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Concentrations

Age 16 to 18 Challenge Level:



The trick to solving this question is to work slowly and break the problem down into smaller calculations.

The total volume is 10ml, and the required concentration of acid is 70mM. Therefore, the number of moles of acid needed are: $$0.01 \times 70 \times 10^{-3} = 7\times 10^{-4}$$

We have a given concentration of 3.9M, and so the volume necessary is: $$V = \frac{7\times 10^{-4}}{3.9} =0.179 ml.$$


For the salt solution, we want to obtain a concentration of 100 mM. Since the final volume is 10 ml, the number of moles required is: $$0.01 \times 100 \times 10^{-3} = 1 \times 10^{-3}$$

However, the given concentration is 50 mg /ml. This can be converted into a molar concentration by dividing by the molecular weight, which gives 1.24 mmol / ml, which is the same as 1.24 $\times$ 10$^{-3}$ mol / ml. The volume required can be calculated by: $$ V = \frac{1 \times 10^{-3}}{1.24 \times 10^{-3}} = 0.804 ml$$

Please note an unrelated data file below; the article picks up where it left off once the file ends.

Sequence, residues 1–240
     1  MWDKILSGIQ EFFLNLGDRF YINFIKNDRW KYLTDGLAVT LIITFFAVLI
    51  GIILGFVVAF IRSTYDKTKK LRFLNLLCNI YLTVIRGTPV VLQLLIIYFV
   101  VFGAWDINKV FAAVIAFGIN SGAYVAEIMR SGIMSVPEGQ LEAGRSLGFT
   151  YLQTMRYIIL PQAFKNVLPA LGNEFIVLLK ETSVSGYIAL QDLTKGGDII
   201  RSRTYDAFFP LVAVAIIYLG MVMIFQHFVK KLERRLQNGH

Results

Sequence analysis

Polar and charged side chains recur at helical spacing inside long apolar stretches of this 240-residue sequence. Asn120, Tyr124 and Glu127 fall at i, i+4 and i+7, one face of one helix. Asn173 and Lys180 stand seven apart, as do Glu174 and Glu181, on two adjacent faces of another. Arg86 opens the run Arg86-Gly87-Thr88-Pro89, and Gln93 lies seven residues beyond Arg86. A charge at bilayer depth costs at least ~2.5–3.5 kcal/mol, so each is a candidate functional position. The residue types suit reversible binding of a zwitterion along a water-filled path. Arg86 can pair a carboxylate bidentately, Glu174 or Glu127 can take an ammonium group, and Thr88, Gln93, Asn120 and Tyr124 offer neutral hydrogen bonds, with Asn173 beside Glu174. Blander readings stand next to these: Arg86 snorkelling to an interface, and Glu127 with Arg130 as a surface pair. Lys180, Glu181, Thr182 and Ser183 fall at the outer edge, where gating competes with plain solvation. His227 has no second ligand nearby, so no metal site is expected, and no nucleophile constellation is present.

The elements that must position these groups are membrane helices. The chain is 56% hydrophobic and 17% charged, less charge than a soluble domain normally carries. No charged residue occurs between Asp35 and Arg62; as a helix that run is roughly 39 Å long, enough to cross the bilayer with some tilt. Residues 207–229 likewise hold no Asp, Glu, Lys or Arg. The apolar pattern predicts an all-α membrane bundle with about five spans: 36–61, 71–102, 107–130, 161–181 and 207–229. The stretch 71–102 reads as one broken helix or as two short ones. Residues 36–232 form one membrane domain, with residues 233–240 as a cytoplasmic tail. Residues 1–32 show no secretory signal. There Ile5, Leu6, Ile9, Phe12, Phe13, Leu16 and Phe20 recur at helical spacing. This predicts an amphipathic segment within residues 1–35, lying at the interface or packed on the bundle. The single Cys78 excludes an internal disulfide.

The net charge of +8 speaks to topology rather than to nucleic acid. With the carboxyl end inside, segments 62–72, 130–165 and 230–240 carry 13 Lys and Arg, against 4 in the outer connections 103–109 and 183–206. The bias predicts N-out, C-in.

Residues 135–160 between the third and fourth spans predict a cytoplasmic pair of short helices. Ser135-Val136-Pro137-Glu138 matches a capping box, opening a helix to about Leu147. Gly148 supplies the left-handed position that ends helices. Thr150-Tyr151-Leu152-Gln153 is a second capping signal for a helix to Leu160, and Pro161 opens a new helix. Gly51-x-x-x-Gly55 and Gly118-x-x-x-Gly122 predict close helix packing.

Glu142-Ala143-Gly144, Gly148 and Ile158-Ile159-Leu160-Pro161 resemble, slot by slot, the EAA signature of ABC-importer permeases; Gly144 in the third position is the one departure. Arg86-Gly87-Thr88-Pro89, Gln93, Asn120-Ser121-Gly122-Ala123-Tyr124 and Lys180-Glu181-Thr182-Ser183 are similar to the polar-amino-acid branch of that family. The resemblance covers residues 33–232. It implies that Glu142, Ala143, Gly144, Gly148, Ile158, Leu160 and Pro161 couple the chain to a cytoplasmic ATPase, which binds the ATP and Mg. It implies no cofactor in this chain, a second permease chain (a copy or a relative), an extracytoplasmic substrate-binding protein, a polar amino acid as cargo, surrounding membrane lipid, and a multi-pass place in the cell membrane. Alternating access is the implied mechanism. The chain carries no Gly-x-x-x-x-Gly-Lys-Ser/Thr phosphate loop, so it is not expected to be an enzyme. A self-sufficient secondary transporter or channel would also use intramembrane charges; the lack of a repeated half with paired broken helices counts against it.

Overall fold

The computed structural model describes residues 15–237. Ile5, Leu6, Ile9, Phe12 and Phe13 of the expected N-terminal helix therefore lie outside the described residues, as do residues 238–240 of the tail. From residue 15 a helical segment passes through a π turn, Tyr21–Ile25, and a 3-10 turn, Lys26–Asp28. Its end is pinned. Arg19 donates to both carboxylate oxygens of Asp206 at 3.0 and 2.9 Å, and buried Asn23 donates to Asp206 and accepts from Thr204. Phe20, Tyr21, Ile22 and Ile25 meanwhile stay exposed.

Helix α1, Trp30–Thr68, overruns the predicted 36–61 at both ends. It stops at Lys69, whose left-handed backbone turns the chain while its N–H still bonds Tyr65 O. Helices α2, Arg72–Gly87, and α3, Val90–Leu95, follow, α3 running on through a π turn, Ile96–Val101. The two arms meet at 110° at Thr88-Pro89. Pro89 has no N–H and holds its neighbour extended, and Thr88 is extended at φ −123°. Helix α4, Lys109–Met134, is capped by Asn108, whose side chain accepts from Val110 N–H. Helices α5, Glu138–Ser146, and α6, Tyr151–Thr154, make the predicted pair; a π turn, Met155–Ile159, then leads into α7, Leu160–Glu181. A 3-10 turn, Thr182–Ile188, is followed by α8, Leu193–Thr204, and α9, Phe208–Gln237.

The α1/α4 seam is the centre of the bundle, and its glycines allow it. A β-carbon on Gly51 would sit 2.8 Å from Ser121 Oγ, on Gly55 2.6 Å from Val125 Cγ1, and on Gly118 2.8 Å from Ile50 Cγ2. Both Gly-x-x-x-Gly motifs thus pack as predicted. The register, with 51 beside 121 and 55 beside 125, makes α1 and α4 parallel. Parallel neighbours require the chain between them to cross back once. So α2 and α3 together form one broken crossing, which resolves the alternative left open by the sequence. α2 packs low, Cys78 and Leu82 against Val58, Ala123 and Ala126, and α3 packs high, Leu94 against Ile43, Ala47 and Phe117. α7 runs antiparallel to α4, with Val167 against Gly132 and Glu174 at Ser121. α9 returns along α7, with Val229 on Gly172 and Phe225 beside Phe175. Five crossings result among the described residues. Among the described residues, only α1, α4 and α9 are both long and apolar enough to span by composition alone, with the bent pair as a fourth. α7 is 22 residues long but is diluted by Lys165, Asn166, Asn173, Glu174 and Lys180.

The bacterial suspension requires a concentration of 9000000 cells / ml, and since the final volume is 10ml, then the number of cells required is: $$ 9000000 \times 10 = 9 \times 10^7 cells$$

The given concentration of the suspension is 1.4 $\times$ 10$^8$ cells /ml, and so the amount of this suspension needed is : $$V = \frac{9 \times 10^7}{1.4 \times 10^8} = 0.643 ml$$


The enzyme suspension needs an amount of 60 pmoles /ml. Thus the total numer of moles needed is 600 pmoles. Also the given concentration is 2.5 mg/ml, which can be converted to a molar concentration by dividing by the molecular weight: $$ \frac{2.5}{7800} = 3.21 \times 10^{-4} mmol/ml$$

The volume required is given by dividing the number of required moles by the concentration: $$ \frac{600 \times 10^{-12}}{3.21 \times 10^{-7}} = 1.87 \times 10^{-3}$$


Summing together the four required volumes gives 1.63ml, and so to make this up to the required volume of 10ml requires the addition of 8.37 ml of water.